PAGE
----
From the most talked-about trends to products, here's what fuelled the big beauty boom of 2020
Elaborate skincare regimens were a spot of calm that kept beauty enthusiasts happy during 2020. Those who had a routine comprising five steps, researched to include more and those who barely had a routine found the time to make one. Taking advantage of work-from-home days, several booked dermatologist appointments to get their procedures done as soon as their clinics opened. In a nutshell, skincare awareness was at its peak. Doctor Syed Shazia Fatima, cosmetic dermatology and aesthetic medicine expert, shares, “What was surprising indeed was an influx of new and old returning clients with multiple factors at play. Some wanted treatments that they couldn’t start earlier. They were at an advantageous position as masks can easily hide the downtime related to creams like retinol. A few others had recently developed skin and hair concerns. Enquiries about injectables to reduce wrinkles and smile lines and to augment cheeks and lips have been at an all-time high.” While a set of enthusiasts chose science-backed routes, others opted for DIY salon kits, but grooming certainly remained a preoccupation. According to research by Google’s The Connected Beauty Consumer Report jointly helmed by Google, Kantar and WPP, YouTube became a source one turned to for wellness measures. Sushmita Balasubramaniam, Domain lead CX & Commerce: South Asia, (Insights division, Kantar) makes an interesting observation in the report. She says, “Before COVID-19 times, consumers had the comfort of walking into stores and getting help from beauty advisors to try products...to make sure they were buying something that suited them.” However, during the pandemic, what helped was technology. They educated themselves via YouTube — channels by skin experts like Cassandra Bankson, Dr Dray and Vanita Rattan were among some of the popular ones for product reviews.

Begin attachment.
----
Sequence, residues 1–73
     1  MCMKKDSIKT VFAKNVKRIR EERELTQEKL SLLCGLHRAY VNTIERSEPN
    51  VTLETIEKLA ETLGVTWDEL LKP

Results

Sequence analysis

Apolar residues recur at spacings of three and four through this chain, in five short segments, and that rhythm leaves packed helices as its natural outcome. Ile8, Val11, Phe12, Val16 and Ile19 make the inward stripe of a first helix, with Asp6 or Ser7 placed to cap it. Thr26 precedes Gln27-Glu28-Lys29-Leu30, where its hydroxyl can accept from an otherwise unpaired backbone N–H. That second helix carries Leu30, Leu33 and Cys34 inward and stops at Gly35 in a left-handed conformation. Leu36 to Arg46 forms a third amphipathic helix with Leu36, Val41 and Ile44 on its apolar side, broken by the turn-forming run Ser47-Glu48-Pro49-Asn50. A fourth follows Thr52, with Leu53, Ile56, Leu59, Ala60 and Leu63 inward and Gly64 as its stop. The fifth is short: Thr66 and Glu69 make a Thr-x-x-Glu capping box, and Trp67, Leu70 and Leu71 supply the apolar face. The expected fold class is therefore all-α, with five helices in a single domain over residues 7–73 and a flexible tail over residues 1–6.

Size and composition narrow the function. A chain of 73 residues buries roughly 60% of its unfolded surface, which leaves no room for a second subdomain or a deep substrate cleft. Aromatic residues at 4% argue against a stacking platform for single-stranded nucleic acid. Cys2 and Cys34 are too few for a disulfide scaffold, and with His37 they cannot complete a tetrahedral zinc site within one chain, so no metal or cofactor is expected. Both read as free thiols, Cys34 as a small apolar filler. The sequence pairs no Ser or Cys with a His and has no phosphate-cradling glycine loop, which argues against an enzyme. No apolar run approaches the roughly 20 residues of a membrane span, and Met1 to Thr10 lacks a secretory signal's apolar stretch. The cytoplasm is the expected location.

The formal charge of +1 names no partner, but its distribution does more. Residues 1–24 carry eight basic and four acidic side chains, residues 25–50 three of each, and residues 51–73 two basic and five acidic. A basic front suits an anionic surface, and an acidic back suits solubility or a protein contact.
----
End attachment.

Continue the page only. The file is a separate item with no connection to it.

The fact that skincare was burgeoning during the pandemic, was proven by the fact that beauty e-commerce retailers grew by leaps and bounds. When we asked Manish Taneja, co-founder and chief executive officer, Purplle.com — one of India’s popular beauty retailers online — he confirmed that there’s been a 90 per cent spike in the sale of personal care products.“In the last quarter, we saw growth in hair care products by more than 100 per cent, followed by skincare, which grew by 85 per cent,” he informs, adding that, health care supplements, herbal teas, hair masks facial serums, toners, and sanitisers continue to be in demand. The other interesting discovery was that the spike in sales of grooming products was not relegated to the metros alone. He adds that the shutdown of salons during lockdown further might have been a key reason in the spike of online demand for personal care products, that kept increasing even in Tier 1, Tier 2, and Tier 3 cities. “The rise was at its peak in May. The demand for epilators, trimmers, scrubbers were also on a rise,” shares Manish.